Author Archives: gfay

Applying tree analysis to assess combinations of Ecosystem-Based Fisheries Management actions in Management Strategy Evaluation: a summary

Lucy McGinnis, 11 February 2021

[Editors note, we’re starting a new series where lab members write posts about eachothers’ research. Thanks Lucy for taking the reins on this first one!]

headshot of Amanda Hart, PhD candidate & first author of the publication.

Amanda Hart, PhD candidate

There is no one miracle cure for commercial fisheries. But last year, lab PhD candidate Amanda Hart published her first first author paper with PI Gavin Fay in Fisheries Research that considered how combinations of management actions that could make progress towards developing sustainable practices.

It starts with an ecosystem-scale perspective. In the past, fishery management strategies were built around individual species. However, as our understanding of the environmental, societal, and economic pressures that govern fisheries has grown, efforts have shifted toward Ecosystem-Based Fisheries Management (EBFM). EBFM takes into account the effects of inter-species interactions and abiotic pressures such as climate change and habitat availability, as well as fleet and gear interactions and the socio-economic drivers on the other end of the fishing line.

As fisheries around the world shift toward this approach, there is need to evaluate the performance of such strategies.Picture of the masthead for the publication in Fisheries Research

Amanda used Management Strategy Evaluation (MSE) to model scenarios and compare the efficacy of various management strategies on a ten species fishery characteristic of Georges Bank, USA, one of New England’s fishing hotspots. MSE simulates environmental management scenarios and identifies management procedures that have the greatest effects towards desired outcomes. MSE also can show how uncertainty associated with the fishery and management system influences outcomes.

Starting with historic biomass and catch information, they defined a management procedure to simulate that included three components: target fishing mortality, indicator-based harvest control rules, and catch ceilings. They conducted one thousand model simulations for each scenario (for a total of 29,000 simulations) over a thirty-year projection. The projections were then evaluated based on twelve performance metrics: frequency of species overfished, frequency of aggregate group collapse, piscivore catch, benthivore catch, planktivore catch, elasmobranch catch, frequency of system collapse, system biomass, system catch, biomass diversity, catch diversity, and catch revenue. This let them assess the effect of various management strategies on biological, catch, diversity, and economic objectives. Regression trees were used as a novel method of understanding how the different management actions drove the variability seen in the performance metrics obtained from the simulations.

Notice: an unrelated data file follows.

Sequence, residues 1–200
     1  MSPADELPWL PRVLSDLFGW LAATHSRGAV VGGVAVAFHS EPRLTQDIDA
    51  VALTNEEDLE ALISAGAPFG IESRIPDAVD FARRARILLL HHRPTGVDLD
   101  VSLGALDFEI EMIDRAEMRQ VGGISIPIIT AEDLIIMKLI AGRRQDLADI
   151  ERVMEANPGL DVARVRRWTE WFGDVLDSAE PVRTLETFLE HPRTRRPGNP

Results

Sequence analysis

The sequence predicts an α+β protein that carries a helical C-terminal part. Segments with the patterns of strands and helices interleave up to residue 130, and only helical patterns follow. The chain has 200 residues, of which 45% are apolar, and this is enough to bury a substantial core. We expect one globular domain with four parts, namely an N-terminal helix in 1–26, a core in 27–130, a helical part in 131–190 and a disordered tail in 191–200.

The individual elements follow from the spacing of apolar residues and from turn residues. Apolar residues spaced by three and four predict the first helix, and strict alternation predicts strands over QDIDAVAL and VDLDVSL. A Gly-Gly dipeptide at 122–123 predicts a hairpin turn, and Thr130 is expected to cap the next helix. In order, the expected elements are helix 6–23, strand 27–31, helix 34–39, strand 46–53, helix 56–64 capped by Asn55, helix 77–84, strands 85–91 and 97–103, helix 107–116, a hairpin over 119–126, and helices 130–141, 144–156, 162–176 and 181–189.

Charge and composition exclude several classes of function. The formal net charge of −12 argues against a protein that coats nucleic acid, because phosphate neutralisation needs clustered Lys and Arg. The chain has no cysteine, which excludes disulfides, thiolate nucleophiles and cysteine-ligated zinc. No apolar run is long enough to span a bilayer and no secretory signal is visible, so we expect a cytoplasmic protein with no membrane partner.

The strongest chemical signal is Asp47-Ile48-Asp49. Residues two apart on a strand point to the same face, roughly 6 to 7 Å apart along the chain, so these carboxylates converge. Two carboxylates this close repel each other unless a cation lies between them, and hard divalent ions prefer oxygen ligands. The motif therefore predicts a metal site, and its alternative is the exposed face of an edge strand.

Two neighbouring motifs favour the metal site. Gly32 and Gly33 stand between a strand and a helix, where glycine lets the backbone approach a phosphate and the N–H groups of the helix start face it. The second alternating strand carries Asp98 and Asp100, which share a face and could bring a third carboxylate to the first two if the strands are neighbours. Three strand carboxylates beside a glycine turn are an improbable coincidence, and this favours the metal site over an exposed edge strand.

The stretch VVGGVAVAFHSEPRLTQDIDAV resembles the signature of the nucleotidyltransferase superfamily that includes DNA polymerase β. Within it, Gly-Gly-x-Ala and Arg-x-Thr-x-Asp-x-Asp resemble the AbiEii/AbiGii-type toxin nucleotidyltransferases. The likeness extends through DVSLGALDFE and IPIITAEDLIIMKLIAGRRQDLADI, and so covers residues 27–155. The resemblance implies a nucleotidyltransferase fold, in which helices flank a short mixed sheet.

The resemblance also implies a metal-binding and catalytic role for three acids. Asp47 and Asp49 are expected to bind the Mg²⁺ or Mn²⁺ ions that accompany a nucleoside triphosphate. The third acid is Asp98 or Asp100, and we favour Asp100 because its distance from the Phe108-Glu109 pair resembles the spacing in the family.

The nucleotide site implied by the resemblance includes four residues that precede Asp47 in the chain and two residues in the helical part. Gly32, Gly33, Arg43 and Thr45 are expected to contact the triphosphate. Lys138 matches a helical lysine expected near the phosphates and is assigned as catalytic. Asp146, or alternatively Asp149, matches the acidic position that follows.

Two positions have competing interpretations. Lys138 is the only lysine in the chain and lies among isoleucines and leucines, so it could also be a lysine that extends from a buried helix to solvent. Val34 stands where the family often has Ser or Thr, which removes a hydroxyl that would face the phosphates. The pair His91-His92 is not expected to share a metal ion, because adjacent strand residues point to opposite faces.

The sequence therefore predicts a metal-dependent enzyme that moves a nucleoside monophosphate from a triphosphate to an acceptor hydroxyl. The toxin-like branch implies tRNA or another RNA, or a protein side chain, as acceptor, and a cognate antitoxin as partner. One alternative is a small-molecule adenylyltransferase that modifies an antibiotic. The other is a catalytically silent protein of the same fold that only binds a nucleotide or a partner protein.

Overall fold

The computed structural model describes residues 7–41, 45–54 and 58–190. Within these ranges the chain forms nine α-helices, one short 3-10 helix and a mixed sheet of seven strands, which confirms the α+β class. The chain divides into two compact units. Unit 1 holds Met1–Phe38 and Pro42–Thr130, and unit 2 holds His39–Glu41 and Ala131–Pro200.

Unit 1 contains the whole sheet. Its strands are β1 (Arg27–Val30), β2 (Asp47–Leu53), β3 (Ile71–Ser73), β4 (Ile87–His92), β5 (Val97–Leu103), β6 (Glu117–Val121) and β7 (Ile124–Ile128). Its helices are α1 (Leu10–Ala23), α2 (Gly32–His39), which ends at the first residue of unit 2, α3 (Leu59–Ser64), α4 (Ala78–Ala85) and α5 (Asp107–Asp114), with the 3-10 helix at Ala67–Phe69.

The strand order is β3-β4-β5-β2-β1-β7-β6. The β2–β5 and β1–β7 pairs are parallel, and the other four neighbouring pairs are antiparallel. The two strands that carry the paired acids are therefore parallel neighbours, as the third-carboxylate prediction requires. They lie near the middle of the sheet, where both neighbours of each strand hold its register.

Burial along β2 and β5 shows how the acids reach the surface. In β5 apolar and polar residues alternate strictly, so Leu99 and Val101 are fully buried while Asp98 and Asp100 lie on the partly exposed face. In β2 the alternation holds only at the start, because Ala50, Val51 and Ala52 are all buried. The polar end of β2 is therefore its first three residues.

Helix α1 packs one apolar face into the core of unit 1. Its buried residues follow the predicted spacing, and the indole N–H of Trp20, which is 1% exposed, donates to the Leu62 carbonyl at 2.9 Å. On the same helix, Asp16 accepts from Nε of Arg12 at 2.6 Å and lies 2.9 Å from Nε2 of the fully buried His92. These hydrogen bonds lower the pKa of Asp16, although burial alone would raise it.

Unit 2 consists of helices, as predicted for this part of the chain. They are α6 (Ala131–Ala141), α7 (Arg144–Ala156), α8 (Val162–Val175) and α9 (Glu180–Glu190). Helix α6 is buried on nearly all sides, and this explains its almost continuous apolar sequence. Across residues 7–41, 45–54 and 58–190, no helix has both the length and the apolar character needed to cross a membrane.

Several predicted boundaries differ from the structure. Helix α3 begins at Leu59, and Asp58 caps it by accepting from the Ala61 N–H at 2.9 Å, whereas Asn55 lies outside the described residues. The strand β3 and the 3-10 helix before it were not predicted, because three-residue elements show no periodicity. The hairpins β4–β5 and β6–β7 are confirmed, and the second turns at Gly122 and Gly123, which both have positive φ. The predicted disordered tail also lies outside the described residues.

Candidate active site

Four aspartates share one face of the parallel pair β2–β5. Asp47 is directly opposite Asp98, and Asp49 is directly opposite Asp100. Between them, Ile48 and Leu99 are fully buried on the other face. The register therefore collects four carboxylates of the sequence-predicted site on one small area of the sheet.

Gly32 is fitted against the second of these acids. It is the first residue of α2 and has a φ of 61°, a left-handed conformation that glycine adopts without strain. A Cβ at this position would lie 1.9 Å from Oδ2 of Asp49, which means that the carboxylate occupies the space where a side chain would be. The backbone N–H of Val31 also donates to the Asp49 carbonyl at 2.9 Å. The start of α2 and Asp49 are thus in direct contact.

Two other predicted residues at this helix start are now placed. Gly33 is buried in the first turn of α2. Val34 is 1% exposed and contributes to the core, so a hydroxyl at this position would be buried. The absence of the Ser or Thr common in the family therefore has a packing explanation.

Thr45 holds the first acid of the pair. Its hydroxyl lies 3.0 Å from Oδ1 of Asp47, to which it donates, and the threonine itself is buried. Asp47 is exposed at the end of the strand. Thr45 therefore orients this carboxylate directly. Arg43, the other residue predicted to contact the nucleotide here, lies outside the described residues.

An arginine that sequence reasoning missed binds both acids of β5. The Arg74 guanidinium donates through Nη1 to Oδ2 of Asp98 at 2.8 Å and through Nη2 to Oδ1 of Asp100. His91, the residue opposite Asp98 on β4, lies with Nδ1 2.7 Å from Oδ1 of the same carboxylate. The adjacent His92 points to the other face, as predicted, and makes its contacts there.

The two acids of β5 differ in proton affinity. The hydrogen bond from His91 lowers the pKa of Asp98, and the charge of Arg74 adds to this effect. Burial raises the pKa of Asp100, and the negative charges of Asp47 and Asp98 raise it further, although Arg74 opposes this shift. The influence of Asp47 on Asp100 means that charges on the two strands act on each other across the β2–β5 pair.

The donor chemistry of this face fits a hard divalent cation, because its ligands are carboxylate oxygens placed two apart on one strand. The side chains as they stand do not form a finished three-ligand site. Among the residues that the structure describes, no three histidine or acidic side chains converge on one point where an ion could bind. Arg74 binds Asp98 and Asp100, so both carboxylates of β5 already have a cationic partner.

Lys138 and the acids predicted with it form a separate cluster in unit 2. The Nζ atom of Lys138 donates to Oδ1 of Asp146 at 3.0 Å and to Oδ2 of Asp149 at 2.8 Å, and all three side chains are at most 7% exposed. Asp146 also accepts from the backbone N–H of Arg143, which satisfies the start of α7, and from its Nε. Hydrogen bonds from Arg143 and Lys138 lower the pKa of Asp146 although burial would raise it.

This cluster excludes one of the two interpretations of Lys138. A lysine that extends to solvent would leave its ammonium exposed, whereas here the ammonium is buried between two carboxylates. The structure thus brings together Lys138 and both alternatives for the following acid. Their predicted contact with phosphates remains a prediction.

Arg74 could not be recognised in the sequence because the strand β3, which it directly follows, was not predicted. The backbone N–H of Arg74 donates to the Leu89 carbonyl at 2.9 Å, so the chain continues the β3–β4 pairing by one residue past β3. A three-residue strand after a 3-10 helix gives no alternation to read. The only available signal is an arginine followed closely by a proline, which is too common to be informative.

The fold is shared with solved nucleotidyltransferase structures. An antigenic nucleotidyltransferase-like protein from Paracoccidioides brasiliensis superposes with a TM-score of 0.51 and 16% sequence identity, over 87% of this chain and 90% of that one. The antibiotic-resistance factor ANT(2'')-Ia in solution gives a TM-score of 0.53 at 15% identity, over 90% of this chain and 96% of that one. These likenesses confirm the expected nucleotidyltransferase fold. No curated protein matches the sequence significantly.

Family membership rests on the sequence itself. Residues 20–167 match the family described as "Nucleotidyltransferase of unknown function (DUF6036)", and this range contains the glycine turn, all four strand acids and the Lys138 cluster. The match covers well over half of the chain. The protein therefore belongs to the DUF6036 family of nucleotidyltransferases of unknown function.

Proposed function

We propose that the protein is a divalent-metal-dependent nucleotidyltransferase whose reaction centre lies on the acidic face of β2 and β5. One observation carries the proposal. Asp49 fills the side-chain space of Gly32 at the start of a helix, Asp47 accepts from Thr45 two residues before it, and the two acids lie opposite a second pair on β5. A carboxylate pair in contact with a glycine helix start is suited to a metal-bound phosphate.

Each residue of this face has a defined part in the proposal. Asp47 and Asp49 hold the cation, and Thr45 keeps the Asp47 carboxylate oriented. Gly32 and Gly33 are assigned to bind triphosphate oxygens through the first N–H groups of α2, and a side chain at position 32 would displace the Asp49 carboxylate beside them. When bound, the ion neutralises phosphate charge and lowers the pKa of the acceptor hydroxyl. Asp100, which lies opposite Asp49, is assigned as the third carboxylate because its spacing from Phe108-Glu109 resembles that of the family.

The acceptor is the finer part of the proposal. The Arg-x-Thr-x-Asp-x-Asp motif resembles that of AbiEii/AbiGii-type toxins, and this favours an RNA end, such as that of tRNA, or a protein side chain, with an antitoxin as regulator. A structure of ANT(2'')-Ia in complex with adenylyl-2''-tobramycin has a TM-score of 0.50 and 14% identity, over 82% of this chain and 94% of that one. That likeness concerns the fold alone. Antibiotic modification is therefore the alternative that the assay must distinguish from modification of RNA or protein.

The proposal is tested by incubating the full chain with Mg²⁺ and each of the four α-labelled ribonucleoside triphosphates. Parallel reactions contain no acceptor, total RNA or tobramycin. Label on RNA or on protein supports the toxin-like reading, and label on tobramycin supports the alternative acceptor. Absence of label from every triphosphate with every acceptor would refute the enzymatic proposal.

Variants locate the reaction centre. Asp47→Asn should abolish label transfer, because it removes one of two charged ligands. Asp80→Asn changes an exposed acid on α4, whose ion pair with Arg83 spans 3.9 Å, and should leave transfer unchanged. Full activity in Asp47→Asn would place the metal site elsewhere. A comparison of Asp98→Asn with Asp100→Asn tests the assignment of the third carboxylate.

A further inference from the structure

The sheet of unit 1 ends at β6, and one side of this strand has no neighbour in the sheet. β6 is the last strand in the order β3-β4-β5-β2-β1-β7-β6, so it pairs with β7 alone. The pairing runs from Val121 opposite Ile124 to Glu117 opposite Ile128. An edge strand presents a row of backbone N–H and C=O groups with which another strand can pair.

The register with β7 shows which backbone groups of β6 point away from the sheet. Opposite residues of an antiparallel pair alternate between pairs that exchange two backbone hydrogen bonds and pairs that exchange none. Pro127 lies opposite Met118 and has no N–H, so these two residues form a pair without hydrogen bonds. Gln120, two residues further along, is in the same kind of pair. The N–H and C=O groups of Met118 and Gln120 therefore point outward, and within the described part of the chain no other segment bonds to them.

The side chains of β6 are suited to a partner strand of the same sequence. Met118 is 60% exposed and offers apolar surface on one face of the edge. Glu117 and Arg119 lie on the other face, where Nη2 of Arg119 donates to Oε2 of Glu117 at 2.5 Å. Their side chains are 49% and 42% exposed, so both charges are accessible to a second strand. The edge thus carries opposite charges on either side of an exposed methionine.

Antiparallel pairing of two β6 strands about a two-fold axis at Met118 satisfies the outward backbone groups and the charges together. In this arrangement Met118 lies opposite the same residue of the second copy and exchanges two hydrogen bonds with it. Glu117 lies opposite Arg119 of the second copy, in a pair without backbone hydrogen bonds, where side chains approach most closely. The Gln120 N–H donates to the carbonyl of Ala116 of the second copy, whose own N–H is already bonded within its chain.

Catch ceilings were consistently identified as the main drivers of variability in the results. By placing a limit on the total removals from the ecosystem (summed over all ten species), they achieved higher diversity, biomass, revenue, and lower frequencies of collapse. Optimal management performance corresponded with catch ceilings of 125-150 kt. Increasing the catch ceiling above this level did not substantially increase the system catch or revenue.

In fact, procedures that imposed high catch ceilings, or no catch ceiling at all, performed poorly, resulting in the highest frequency of aggregate collapse due to overfishing. Overfishing damages the structure of the ecosystem, resulting in negative long-term effects on its recovery and stability. That’s the trade-off between catch and biomass: the more fish you catch, the less you leave, which makes it difficult for stocks to replenish.

Without an optimal catch ceiling, there were still ways to improve management outcomes in the simulation results. Implementing ecosystem indicator-based harvest control rules and reduced target fishing mortality rates, even when there were fewer restrictions on overall catch, resulted in systems that performed better, which highlights the important role of these combined strategies in managing fisheries.